With Andre Iguodala bolting Denver to shoot at the walls of heartache in Oakland, Dwight Howard taking his Stay Puft Marshmallow Man act to Houston and Andrew Bynum finally dumping the 76ers, spurning the Mavericks and their Cheesecake Factory and bowling his way into Cleveland, everyone is just now catching on to the fact that the biggest winners of last off-season’s über-trade were the Orlando Magic and the biggest losers were everyone else.
Even Stan Van Gundy put on his Captain Obvious cape and backed up this assessment.
But Philadelphia 76ers fans knew different. They knew all along that the Magic were anything but losers the second the trigger was pulled on that mostly ill-fated four-team swap on August 10, 2012.
That’s because the Magic were getting Nikola Vucevic, the stone-faced 7-foot Montenegrin who showed plenty of promise during his rookie season in 2011-2012 but would mysteriously disappear at the hands of Evil Doug Collins, who was beginning to take over from Good Doug Collins as per usual whenever he’d approach the three-year mark of a coaching tenure. He played 15 minutes a game on a team that hated using Spencer Hawes at center so much that they stuck 6-8 Elton Brand in there.
OK, so Nik averaged only 5 points, 5 boards and fraction of a block per game. But waaaaiiiit … per 36 minute he averaged 12.5 ppg. And 10.9 rpg. And almost one block per game. Which is almost identical to his 2012-2013 stats (13.1 ppg, 11.9 rpg, 1.0 bpg). Doug! What the Dave Corzine were you thinking?
There was nothing more maddening during this past fantasy season than watching Bynum yuck it up on the sidelines with his assorted hairdos while Vucevic piled up double-double after double-double, sprinkling in the occasional 20-20, and even a 30-20 (!!!), and even one game where he came within a hair of 30 rebounds (!!!!).
Over the course of a campaign in which he placed 4th in the Most Improved Player voting, Vucevic put up numbers that practically mirrored Moses Malone’s first full NBA season. Read that again.
He was everything the 76ers were lacking, while Bynum’s gamelog boasted 82 donut-shaped cat poops, and there was nothing we could do but make like Ron Burgundy and eat the cat poop.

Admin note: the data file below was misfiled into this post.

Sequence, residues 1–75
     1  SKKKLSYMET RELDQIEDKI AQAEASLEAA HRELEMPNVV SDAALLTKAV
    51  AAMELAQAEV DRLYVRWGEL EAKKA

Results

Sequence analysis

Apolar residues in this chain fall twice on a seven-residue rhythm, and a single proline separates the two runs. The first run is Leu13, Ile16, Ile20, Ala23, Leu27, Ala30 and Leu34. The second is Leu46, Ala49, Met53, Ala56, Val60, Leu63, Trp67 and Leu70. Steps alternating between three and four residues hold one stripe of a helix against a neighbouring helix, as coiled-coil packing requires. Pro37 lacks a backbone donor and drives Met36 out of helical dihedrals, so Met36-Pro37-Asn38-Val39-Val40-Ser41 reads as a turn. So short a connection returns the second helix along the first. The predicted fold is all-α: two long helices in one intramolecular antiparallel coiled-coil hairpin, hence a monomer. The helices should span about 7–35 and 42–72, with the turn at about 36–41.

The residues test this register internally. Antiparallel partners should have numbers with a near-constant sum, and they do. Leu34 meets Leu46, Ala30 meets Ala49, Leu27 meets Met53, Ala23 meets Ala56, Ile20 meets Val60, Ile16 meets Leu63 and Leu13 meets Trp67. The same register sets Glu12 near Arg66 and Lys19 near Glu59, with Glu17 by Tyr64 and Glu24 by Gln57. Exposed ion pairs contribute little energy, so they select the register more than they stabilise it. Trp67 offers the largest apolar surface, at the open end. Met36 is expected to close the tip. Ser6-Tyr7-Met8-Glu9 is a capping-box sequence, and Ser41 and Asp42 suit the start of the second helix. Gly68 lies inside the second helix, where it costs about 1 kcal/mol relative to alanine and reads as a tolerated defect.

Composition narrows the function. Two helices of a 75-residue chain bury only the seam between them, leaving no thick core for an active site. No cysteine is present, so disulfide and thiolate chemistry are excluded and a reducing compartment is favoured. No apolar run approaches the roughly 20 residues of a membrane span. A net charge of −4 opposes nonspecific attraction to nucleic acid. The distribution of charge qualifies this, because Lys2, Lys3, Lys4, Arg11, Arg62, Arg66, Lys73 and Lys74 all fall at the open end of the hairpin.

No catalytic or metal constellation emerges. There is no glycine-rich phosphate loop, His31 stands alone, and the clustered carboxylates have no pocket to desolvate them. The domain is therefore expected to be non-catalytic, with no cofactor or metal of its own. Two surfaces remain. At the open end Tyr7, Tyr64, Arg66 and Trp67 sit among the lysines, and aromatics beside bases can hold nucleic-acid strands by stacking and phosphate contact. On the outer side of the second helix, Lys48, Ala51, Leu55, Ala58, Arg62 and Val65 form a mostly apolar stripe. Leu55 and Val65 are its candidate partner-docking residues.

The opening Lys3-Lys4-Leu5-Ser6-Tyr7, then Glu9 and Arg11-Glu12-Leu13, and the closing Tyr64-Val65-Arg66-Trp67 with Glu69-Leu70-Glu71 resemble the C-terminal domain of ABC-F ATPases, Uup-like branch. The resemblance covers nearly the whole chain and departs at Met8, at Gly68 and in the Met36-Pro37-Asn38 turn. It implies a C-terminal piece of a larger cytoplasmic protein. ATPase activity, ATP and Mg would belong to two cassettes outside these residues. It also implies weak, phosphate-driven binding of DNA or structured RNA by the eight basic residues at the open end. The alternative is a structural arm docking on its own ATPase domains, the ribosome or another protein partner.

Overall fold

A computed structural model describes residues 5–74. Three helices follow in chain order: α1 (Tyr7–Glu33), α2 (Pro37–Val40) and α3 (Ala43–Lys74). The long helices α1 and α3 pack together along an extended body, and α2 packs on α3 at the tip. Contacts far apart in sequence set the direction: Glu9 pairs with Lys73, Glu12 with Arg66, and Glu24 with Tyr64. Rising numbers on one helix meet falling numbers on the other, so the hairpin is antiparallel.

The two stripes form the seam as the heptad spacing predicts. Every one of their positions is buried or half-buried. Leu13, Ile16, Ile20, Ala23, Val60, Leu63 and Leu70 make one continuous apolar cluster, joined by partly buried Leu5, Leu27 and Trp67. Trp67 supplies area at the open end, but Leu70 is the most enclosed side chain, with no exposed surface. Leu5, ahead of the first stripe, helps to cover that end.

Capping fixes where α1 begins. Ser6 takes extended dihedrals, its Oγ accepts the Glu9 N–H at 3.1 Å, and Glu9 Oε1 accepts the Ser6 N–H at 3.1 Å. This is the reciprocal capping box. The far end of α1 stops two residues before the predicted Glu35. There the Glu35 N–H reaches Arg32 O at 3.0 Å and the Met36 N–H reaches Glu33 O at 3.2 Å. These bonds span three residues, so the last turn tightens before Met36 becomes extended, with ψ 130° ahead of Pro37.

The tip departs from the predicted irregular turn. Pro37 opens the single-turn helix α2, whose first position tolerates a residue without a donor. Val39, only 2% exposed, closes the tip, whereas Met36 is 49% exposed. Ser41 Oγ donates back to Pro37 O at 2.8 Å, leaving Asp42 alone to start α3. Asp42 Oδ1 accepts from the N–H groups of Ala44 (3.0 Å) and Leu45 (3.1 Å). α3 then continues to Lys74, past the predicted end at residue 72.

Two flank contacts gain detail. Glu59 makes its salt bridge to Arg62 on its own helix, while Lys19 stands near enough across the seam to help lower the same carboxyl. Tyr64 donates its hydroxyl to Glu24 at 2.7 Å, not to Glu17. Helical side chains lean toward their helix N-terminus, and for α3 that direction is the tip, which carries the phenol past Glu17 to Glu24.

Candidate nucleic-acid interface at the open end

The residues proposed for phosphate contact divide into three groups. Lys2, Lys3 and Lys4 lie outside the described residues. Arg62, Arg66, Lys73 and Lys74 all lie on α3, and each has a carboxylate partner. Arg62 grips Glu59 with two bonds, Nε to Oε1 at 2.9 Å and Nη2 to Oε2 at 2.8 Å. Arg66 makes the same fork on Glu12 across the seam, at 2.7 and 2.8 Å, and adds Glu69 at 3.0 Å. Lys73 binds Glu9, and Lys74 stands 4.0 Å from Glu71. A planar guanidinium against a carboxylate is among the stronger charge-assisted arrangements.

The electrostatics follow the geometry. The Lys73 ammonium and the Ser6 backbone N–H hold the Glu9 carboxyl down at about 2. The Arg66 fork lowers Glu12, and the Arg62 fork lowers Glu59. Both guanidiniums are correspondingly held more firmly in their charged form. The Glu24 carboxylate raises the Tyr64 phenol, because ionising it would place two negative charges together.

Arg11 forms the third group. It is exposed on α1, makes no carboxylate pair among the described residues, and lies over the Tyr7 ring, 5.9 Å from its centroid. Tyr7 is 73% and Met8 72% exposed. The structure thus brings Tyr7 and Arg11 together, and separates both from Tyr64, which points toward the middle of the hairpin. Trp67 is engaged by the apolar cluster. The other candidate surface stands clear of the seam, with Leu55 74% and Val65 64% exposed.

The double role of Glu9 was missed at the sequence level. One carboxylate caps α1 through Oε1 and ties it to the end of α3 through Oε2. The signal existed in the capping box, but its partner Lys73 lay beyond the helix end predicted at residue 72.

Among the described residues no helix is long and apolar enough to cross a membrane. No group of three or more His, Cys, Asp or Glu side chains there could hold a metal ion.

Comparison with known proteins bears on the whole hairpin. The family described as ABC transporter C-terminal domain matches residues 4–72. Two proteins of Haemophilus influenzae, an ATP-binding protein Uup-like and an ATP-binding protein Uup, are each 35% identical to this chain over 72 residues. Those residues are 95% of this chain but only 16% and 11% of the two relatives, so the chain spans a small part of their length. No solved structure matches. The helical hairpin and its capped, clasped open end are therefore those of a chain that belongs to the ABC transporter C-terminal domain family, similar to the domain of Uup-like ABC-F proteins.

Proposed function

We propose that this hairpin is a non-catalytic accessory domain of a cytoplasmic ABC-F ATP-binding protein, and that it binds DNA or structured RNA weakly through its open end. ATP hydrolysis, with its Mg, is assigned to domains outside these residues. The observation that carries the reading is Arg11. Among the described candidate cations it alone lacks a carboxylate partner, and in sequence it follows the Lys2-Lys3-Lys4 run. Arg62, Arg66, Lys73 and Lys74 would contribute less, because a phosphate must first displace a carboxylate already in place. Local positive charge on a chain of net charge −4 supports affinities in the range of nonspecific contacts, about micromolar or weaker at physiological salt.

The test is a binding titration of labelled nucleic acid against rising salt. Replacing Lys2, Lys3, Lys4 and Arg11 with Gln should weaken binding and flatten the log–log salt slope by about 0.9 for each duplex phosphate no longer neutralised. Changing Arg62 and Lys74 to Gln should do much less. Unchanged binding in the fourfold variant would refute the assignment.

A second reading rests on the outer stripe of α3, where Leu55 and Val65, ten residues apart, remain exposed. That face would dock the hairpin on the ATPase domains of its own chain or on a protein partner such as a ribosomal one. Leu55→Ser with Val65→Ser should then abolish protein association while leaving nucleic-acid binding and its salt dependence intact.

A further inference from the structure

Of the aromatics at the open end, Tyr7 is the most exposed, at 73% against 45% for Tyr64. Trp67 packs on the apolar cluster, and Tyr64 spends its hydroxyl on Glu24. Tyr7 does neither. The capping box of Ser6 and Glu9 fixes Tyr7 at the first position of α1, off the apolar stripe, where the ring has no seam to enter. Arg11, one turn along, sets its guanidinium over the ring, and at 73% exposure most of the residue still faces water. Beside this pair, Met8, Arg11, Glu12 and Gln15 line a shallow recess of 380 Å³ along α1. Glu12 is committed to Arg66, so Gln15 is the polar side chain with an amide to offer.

But I’m ready to let go. Because I’m a fantasy player as well as a 76ers fan, and with a season of tanking with players who’ll be shuttling back and forth between the D-League’s Delaware 87ers (yeah, that’s their name, and yeah, there’s a reason for it. Google it) on tap, my favorite team is going to be the Punk Rock Gods, not the Philadelphia 76ers.
I see this guy as an almost regular mention during the debut season of Boards-n-Blocks, because I’m fairly certain he’ll fit snugly in the center of our highly unscientific measuring system for determining dudes who will have use to you in both categories.
With a Magic team that’s on the upswing but still on the lower floors of the NBA’s high rise, he’ll at the very least match the 12 boards per he put up last year (this beefcake gets 5 bounds by accident). He’s a grateful, hard-working kid, one who called the day the 76ers drafted him with the 16th pick “the greatest day of my life.” (Really?) And I see him getting stronger and even more aggressive, which means more blocks and maybe even more offensive rebounds, which means maybe even more points if you care about things like that (I don’t).
To earn props here players have to put up between 10 and 18 (Or more? Paul some Mokeski on me!) boards-plus-blocks on average.
The scale, which will be repeated until we all get it right, will be as follows:
10-12 boards + blocks: Nifty Nevitt (named after Chuck Nevitt)
13-15 boards + blocks: Crafty Breuer (named after Randy Breuer)
16-18 (or more) boards + blocks: Mutombo Jumbo (named after Dikembe)
I’m seeing Nik pulling down 12.5 per game and upping his swats to 2 this year, and those are low-ball numbers. That makes him a 14.5, well into Crafty Breuer territory. That’s pretty dang stellar! (Howard, by comparison, was almost Jumbo sized at 14.8 in ’12-’13, Larry Sanders was a solid Nevitt at 12.6 and Serge Ibaka was on the outskirts of Niftyville at 10.7.)
And with no big shot-sucking free agents joining him as a Magician this year (hey that works, right? A member of the Magic is a Magician? Come on now!), Nik could theoretically become a major force as a three-cat guy, and maybe four if you toss in FG percentage.
So the other 14 owners in my fantasy league can have the Andrew Bynums and Dwight Howards of the world.
I’m gonna draft Vucevic no matter what it takes.
And while Nikola’s Sleeper status is pretty much blown thanks to fall-out from last year’s four-team deal, including this week’s preposterous Bynum Anti-Saga, I could see him slipping to the middle rounds in many drafts, especially if writers don’t hype him up too much (wait … sorry).